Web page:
An example of nomothetic multicausation is the explanation of why people vote in a particular way in elections. This model presupposes the isolation of the “relatively few” considerations that may give a fragmentary explanation of people’s voting preferences (Babbie 72). The nomothetic model is “probabilistic” in its attitude towards causation (Babbie 72). Social research incorporates two models of causation, both of which are useful and valid. According to Babbie, the best outcomes will occur when the two approaches are used in combination (73). Scholars define three prerequisites in causal relationships. The first one is that the cause should precede the effect in the time dimension (Babbie 73). The second requirement is that there should be an empirical correlation between the two variables. The third precondition is that the correlation between cause and effect cannot be disclosed by some third variable initiating the two first variables (Babbie 74). Therefore, it is possible to explain multicausation in social research from two perspectives.
Preferred Approach: Multicausation
In my opinion, the multicausation approach is more suitable than monocausation when discussing the causes of heart disease. While obesity is considered a major factor, other causes lead to similar outcomes. Obesity is not the only factor that can lead to that artery blockage referred to as atherosclerosis. Smoking, high blood pressure, and unhealthy diet can also be identified as culprits. Therefore, it is not possible to say that obesity is a single contributor to developing heart disease. Moreover, apart from bad habits, there remains one cause that cannot be controlled and puts people under threat regardless of their food preferences. A family history raises the chances to develop heart disease, and its role in an individual’s health should not be underestimated.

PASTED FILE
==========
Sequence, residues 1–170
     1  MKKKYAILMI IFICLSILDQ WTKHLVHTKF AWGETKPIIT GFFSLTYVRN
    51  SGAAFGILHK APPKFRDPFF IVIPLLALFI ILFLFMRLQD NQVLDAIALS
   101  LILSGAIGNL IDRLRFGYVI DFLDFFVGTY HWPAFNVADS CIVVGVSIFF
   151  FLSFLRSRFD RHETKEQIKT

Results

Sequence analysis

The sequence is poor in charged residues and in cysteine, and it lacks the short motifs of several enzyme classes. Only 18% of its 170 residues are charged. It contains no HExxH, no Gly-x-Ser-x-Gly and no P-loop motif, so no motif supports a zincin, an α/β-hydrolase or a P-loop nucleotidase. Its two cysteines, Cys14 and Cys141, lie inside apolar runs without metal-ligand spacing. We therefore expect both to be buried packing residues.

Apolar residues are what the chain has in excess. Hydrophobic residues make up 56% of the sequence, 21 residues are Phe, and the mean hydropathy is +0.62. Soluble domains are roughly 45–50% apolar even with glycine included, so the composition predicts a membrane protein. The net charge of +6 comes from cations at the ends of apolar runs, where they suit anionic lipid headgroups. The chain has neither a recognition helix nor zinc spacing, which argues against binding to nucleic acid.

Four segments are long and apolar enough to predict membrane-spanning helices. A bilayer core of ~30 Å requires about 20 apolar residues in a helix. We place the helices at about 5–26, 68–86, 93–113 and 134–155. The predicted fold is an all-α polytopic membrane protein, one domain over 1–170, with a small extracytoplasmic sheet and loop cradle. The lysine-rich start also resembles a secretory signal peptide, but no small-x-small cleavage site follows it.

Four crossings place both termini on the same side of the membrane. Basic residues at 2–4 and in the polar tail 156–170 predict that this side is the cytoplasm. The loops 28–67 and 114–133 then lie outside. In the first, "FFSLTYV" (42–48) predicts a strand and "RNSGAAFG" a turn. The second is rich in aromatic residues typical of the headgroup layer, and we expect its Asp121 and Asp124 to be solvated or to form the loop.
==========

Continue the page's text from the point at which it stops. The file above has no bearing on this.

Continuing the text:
The principle of causation is an inevitability in the health-care system. Every disease has a cause that leads to specific outcomes. While some health conditions can be explained with the help of monocausation, others require a multicausation approach. In the case of heart disease, several factors whose impact is almost equal can contribute to the development of the disease. Therefore, although obesity may be regarded as the main cause of heart disease, monocausation cannot be applied in this case.
Babbie, Earl. “The Nature of Causation.” The Practice of Social Research, edited by Earl Babbie, 9th ed., Wadsworth, 2001, pp. 68-83.
Bastien, Marjorie, et al. “Overview of Epidemiology and Contribution of Obesity to Cardiovascular Disease.” Progress in Cardiovascular Diseases, vol. 56, 2014, pp. 369-381.15% OFF Get your very first custom-written academic paper with 15% off Get discount
Breitling, Lutz Philipp, et al. “Smoking, F2RL3 Methylation, and Prognosis in Stable Coronary Heart Disease.” European Heart Journal, vol. 33, no. 22, 2012, pp. 2841-2848.
Dickinson, Brent, et al. “Plasma MicroRNAs Serve as Biomarkers of Therapeutic Efficacy and Disease Progression in Hypertension-Induced Heart Failure.” European Journal of Heart Failure, vol. 15, no. 6, 2013, pp. 650-659.
Jørgensen, Torben, et al. “Effect of Screening and Lifestyle Counselling on Incidence of Ischaemic Heart Disease in General Population: Inter99 Randomised Trial.” BMJ, no. 348, 2014, pp. g3617.
Pandey, Arvind, et al. “Family History of Coronary Heart Disease and Markers of Subclinical Cardiovascular Disease: Where do We Stand?” Atherosclerosis, vol. 228, 2013, pp. 285-294.